In this study, we performed a detailed characterization of the siderophore metabolome, or "chelome," of the agriculturally important and widely studied model organism Azotobacter vinelandii. Using a new high-resolution liquid chromatography-mass spectrometry (LC-MS) approach, we found over 35 metal-binding secondary metabolites, indicative of a vast chelome in A. vinelandii. These include vibrioferrin, a siderophore previously observed only in marine bacteria. Quantitative analyses of siderophore production during diazotrophic growth with different sources and availabilities of Fe showed that, under all tested conditions, vibrioferrin was present at the highest concentration of all siderophores and suggested new roles for vibrioferrin in the soil environment. Bioinformatic searches confirmed the capacity for vibrioferrin production in Azotobacter spp. and other bacteria spanning multiple phyla, habitats, and lifestyles. Moreover, our studies revealed a large number of previously unreported derivatives of all known A. vinelandii siderophores and rationalized their origins based on genomic analyses, with implications for siderophore diversity and evolution. Together, these insights provide clues as to why A. vinelandii harbors multiple siderophore biosynthesis gene clusters. Coupled with the growing evidence for alternative functions of siderophores, the vast chelome in A. vinelandii may be explained by multiple, disparate evolutionary pressures that act on siderophore production.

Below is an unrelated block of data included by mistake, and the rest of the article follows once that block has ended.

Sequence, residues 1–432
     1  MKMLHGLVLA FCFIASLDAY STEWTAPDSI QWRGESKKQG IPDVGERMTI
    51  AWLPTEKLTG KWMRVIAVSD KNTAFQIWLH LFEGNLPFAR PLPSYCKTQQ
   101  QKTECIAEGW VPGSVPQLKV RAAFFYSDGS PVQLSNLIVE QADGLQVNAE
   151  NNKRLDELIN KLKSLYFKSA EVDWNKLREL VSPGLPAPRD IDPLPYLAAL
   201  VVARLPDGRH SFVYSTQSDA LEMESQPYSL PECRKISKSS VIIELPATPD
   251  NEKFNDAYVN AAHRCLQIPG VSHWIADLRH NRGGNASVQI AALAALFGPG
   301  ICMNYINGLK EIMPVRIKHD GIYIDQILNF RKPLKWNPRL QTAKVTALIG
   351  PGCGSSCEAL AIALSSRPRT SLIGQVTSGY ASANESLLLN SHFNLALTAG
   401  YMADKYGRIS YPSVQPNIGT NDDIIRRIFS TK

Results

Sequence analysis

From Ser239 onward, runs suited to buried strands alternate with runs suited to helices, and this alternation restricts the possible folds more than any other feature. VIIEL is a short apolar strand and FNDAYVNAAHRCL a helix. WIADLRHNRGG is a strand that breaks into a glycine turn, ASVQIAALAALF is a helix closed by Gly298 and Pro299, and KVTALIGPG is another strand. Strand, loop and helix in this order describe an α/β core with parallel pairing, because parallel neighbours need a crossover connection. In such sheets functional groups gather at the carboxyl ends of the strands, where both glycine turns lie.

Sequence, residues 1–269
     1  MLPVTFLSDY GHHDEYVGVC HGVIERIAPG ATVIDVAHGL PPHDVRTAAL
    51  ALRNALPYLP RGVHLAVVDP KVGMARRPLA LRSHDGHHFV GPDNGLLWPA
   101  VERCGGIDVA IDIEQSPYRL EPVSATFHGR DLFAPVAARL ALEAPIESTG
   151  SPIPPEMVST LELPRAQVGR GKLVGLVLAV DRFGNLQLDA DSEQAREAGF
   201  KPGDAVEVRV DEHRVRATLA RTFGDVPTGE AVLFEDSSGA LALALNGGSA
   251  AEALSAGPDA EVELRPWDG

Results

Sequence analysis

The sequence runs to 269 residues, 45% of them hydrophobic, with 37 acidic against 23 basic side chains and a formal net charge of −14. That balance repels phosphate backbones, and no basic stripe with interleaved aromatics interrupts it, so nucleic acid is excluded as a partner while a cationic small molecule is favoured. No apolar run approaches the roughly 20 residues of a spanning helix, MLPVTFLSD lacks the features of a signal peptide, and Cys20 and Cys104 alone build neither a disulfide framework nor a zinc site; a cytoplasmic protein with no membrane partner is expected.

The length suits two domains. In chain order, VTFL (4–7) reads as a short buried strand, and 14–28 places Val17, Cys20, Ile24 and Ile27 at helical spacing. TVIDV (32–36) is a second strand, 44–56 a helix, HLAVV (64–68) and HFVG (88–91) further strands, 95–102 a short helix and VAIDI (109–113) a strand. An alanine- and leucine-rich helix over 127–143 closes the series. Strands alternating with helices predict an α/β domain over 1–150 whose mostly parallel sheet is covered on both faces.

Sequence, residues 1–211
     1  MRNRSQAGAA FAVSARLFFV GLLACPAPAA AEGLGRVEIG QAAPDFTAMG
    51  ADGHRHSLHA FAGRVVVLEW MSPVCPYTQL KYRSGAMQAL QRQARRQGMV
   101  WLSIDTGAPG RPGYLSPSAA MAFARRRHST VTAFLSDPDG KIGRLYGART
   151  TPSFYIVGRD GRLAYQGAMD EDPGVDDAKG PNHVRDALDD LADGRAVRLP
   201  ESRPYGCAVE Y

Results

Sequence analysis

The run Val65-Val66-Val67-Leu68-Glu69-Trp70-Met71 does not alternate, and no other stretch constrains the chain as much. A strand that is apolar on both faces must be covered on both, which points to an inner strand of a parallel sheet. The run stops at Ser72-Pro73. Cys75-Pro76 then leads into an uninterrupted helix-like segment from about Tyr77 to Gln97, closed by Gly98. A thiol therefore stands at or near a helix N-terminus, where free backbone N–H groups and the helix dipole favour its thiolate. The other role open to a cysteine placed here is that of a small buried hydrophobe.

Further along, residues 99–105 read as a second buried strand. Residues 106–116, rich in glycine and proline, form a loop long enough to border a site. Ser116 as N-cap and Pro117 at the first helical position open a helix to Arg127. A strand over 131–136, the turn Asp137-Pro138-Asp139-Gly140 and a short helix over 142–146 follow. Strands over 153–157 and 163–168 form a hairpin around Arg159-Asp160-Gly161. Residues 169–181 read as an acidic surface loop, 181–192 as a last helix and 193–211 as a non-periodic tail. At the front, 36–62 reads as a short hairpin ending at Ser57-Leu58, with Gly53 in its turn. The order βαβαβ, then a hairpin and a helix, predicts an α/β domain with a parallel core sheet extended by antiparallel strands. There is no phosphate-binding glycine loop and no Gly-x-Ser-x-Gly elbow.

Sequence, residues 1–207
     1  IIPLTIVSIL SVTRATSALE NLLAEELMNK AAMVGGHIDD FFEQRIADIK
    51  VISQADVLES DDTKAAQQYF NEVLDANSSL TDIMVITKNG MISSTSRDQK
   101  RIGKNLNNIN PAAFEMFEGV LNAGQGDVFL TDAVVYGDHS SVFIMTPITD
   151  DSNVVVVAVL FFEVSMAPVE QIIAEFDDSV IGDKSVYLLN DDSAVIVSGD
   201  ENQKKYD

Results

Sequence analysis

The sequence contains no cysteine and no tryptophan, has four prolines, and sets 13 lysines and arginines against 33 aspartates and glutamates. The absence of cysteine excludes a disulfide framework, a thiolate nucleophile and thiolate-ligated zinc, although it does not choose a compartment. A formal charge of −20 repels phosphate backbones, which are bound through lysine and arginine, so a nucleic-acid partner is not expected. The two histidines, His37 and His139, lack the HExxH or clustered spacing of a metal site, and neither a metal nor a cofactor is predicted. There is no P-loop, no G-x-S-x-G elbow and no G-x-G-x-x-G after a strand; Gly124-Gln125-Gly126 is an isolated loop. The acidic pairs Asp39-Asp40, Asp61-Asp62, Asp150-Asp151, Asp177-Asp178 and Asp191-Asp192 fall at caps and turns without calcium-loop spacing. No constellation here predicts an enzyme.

All Science Journal Classification (ASJC) codes
- Food Science
- Applied Microbiology and Biotechnology